Trump versus Biden
Published September 14, 2023
By Carter Wrenn
Biden’s itching to run against Trump – he’s the Republican Biden’s most likely to beat. And it looks like Biden may get what he wants – in a poll last week Trump had 52% of the vote, a big lead, in the Republican primary.
But there’re warning signs (for Trump): A block of his voters said they either 1) don’t believe the lawsuits against him are due to Biden using the Justice Department as a political ‘weapon,’ or said that 2) they want to wait and see the trials before they decide whether the lawsuits are political.
Trump could lose those voters. Which leaves his opponents facing a hard choice.
Back during the Civil War, Ulysses Grant set out to take Vicksburg and, at the same time, he tried to protect his supply line – that was a logical traditional military strategy. It failed. So Grant did something that was out of the ordinary – he marched off his supply line. And took Vicksburg.
In political campaigns candidates face choices between doing what’s right when it’s risky – or sitting silent and ducking. That’s where Trump’s opponents are now. They need to bluntly tell Trump voters about Trump’s mistakes. That’s risky. But straight talk is what it takes to convince voters to change their minds.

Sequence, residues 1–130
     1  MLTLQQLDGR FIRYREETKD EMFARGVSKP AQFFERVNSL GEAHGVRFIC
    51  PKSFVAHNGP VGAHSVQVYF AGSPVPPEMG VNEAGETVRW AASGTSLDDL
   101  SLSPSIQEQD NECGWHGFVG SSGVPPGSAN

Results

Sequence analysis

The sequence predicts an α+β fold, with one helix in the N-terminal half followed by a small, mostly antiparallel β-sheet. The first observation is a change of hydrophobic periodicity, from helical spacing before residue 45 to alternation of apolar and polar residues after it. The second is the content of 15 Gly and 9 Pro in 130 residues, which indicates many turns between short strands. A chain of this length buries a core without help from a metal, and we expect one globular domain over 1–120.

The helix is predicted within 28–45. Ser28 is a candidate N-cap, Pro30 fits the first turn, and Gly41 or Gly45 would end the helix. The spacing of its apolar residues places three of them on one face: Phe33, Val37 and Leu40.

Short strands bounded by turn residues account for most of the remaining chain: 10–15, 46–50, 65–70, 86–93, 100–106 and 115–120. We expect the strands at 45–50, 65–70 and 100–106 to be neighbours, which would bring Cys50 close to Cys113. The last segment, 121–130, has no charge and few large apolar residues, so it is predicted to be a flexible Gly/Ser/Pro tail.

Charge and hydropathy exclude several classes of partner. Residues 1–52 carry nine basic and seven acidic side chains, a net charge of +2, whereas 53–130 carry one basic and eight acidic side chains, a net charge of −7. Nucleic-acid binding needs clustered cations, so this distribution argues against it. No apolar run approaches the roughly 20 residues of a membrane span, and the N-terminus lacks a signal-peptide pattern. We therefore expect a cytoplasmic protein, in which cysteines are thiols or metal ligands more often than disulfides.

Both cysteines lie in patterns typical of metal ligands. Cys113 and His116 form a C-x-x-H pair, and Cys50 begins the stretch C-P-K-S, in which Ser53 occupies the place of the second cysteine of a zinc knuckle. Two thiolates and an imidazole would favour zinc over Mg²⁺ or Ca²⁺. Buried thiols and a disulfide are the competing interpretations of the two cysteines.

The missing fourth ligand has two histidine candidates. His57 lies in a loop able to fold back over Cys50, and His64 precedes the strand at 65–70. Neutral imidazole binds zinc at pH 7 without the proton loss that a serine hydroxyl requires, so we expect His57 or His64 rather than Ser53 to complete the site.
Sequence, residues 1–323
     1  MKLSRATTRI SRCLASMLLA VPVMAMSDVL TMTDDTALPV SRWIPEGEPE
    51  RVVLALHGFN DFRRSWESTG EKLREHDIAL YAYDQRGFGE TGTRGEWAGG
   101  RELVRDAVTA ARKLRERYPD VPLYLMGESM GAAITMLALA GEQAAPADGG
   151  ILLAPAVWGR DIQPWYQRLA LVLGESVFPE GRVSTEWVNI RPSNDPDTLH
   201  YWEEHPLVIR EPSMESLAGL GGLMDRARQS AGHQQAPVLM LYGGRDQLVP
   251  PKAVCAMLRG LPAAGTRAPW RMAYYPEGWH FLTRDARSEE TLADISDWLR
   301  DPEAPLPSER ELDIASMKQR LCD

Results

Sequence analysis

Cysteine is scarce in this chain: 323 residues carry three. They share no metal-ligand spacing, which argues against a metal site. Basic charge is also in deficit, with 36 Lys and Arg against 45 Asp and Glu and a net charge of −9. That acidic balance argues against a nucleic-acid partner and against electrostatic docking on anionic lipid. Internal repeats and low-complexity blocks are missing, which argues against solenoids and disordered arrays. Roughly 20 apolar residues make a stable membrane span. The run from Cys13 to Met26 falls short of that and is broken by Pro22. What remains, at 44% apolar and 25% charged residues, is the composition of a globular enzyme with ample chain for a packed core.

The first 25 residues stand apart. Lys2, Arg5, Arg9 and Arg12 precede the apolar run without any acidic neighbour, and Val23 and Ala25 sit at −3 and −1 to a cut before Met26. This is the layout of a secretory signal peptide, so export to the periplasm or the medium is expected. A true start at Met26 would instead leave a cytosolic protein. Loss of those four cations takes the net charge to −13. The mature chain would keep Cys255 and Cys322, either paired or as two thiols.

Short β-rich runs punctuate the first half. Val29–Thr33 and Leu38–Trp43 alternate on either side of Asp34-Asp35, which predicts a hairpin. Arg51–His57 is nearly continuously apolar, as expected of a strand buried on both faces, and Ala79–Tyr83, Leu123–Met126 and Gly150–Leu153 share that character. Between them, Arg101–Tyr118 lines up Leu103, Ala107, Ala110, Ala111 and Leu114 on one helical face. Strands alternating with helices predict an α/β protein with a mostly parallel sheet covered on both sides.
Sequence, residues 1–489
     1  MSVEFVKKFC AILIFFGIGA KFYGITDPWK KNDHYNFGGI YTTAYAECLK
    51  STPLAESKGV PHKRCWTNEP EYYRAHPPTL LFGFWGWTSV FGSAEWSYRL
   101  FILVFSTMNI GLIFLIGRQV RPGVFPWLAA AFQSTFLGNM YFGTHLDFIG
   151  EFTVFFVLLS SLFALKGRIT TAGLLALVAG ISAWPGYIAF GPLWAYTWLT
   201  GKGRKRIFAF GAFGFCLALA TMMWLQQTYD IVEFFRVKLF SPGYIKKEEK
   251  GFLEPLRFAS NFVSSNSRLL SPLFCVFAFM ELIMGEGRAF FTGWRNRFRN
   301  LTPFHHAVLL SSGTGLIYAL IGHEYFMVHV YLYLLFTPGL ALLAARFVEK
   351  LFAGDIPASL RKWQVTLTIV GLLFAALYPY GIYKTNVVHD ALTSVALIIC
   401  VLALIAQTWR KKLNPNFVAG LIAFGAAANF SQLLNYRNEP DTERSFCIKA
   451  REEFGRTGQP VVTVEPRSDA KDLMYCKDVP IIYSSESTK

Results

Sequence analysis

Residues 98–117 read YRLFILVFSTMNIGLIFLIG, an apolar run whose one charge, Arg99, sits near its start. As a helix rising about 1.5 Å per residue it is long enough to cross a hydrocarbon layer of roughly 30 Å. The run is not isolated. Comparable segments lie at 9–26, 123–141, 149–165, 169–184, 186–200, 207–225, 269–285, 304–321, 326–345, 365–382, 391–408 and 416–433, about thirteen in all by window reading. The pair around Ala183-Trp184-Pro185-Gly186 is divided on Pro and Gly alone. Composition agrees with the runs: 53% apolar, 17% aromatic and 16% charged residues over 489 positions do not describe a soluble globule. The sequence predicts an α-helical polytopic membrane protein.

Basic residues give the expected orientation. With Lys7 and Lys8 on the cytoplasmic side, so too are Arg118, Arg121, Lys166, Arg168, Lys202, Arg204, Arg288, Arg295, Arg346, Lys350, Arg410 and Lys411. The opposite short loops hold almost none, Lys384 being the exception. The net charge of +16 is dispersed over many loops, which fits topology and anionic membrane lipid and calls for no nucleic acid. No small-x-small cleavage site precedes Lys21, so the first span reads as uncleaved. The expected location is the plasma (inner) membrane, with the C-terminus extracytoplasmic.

Back in 1984, when Jesse Helms ran for reelection, he trailed Governor Jim Hunt by 25 points. We pummeled Hunt on issues – a logical sound traditional political strategy. That failed. Then one day our pollster, Arthur Finkelstein, dropped a poll on my desk, looked from me to Tom Ellis, said, This campaign isn’t about issues it’s about character. In those days most campaigns hinged on issues. But this one didn’t. We marched off the supply line. And it worked.
Trump opponents running as ‘Trump-lite’ won’t stop Trump. And talking to voters bluntly about Trump’s mistakes is risky. But it does give voters a reason to change their minds.